Showing posts with label Chicken and waffles. Show all posts
Showing posts with label Chicken and waffles. Show all posts

Succotash (Washington)


Washington may lie in the north east corner of the United States, but that doesn’t mean you can’t get soulful Southern food in DC. As you walk into Succotash, it doesn’t feel like you’re in the South. Open and airy, the building was home to a former bank and the ornate details still shine through. Perhaps the second floor balcony, ringed in a wrought iron divider, pays a bit of homage to New Orleans. If it weren’t so fancy, I’d almost expect people to pelt me with plastic beads

Then you take a bite of their smoked chicken wings ($11) and you’re hit with the flavours. Arriving fairly dark, due to the spice rub, it looks almost burnt but isn’t. The chicken is tender and there’s a nice crispy skin despite seemingly being roasted. Yet, it’s the flavours that impress the most. As Colonel Sanders says, it’s finger licking good.


Succotash also offers some interesting nibbles like the deviled eggs, ordered by the piece ($1.50). The snack starts off like any deviled egg, with creamy yolk piped into egg white. But, they you’re met with a refreshing green tomato relish in the cup between the two. Whose genius idea was that?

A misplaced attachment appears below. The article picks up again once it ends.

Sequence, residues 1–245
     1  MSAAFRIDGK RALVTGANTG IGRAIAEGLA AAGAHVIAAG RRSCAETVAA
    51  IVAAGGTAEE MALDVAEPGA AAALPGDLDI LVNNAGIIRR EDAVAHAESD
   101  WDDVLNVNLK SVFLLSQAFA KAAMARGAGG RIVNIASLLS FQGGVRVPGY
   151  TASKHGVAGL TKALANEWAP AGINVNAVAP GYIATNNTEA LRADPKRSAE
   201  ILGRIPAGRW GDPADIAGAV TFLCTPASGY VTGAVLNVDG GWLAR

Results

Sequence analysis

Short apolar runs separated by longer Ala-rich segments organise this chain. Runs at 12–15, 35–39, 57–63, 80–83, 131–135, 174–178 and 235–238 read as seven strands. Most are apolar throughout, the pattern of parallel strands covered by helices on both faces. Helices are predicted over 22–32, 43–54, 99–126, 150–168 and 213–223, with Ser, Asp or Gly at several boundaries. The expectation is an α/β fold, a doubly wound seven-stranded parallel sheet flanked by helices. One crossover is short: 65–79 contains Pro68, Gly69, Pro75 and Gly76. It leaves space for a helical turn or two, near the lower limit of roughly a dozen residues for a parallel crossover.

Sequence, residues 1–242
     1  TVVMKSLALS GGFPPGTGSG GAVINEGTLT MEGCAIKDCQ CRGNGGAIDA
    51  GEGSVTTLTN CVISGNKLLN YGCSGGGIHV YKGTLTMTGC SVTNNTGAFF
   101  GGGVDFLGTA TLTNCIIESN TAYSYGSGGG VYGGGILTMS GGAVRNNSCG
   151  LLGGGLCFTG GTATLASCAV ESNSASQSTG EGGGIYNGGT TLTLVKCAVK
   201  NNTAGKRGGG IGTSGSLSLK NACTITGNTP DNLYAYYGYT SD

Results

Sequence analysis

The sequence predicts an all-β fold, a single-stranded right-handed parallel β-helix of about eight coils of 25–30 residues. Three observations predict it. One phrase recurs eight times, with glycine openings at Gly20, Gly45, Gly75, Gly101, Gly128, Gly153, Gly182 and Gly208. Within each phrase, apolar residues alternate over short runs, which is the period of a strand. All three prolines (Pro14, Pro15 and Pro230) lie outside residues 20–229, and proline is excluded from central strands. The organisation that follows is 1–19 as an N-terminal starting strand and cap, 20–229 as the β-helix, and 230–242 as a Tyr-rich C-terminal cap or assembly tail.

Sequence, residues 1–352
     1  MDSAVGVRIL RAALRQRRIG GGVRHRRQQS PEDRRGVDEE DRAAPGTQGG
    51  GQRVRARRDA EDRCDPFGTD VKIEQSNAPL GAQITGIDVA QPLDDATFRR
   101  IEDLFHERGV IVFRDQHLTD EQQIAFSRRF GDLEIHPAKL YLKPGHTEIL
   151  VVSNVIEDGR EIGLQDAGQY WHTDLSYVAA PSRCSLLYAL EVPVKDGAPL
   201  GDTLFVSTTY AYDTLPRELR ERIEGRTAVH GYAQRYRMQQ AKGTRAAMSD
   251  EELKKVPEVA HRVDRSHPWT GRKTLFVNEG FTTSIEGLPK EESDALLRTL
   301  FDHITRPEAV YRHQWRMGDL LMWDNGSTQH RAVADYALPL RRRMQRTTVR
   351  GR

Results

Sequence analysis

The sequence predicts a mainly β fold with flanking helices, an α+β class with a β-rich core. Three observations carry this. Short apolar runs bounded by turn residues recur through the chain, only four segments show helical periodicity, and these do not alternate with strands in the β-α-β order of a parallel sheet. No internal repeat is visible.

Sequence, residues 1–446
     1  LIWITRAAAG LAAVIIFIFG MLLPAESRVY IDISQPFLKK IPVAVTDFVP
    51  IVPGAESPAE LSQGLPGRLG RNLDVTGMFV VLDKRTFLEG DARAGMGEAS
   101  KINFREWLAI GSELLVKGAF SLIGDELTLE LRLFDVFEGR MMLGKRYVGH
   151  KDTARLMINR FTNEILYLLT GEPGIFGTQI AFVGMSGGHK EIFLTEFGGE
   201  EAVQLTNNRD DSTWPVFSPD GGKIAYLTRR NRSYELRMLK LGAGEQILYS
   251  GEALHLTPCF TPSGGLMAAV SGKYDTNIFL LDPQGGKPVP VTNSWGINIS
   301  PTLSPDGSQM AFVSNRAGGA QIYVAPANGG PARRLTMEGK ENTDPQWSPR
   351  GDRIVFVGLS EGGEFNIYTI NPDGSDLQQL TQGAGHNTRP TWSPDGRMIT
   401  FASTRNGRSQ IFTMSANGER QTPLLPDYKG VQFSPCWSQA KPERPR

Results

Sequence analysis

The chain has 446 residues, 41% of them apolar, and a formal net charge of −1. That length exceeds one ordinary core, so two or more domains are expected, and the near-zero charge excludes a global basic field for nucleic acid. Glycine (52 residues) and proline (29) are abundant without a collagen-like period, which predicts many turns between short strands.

The hush puppies ($6) are a bit denser than I expected. But, the batter was flavoured nicely and more of the green tomato relish arrives on the side, making a great condiment for the warm savoury bites.


You may want to consider sharing the chicken and waffles ($23), which arrives four pieces to an order. While the portion size is certainly impressive, the dish itself contained good and bad elements: The chicken had a lovely crispy coating and was fairly moist, but the thigh pieces were over floured leaving soggy parts and the batter could use more flavour. Luckily, we thought to ask for hot sauce.


The dish’s condiments were also a hit or miss. While the pickled okra, something I didn’t think I’d like, turned out surprisingly delicious, the waffles were too dense and mushy. I also could have done without the sprinkling of aged manchego over the chicken, it really detracted from the bourbon infused maple syrup.

Nothing quite shouts out being in the south than a side order of bacon mac ‘n’ cheese ($10). Succotash’s version is bang on in terms of flavours and the pasta isn’t overcooked. Sure, the side is decadent, but it’s not overly oily so doesn’t leave you too glutinous feeling.



You really can find a diverse mix of cuisine in the nation’s capital. At Succotash, you get a great taste of Southern food. 

Overall mark - 8 out of 10


How To Find Them
 Location: Washington, USA
 Address: 915 F St NW

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Gastro World's Grading System

  • Anything under 5 - I really disliked and will never go back
  • 6 - decent restaurant but I likely won't return
  • 7 - decent restaurant and I will likely return
  • 8 - great restaurant that I'd be happy to recommend
  • 9 - fantastic restaurant that I would love to visit regularly and highly recommend
  • 10 - absolute perfection!


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Succotash Menu, Reviews, Photos, Location and Info - Zomato

Drake Devonshire for brunch (Prince Edward County)


Brunching in the County. The phrase brings to mind a carefree meal … one filled with nature, tranquillity, and of course, wine. It’s an unhurried affair, a meal shared amongst friends. In fact, to date, every trip to Prince Edward County has been with friends.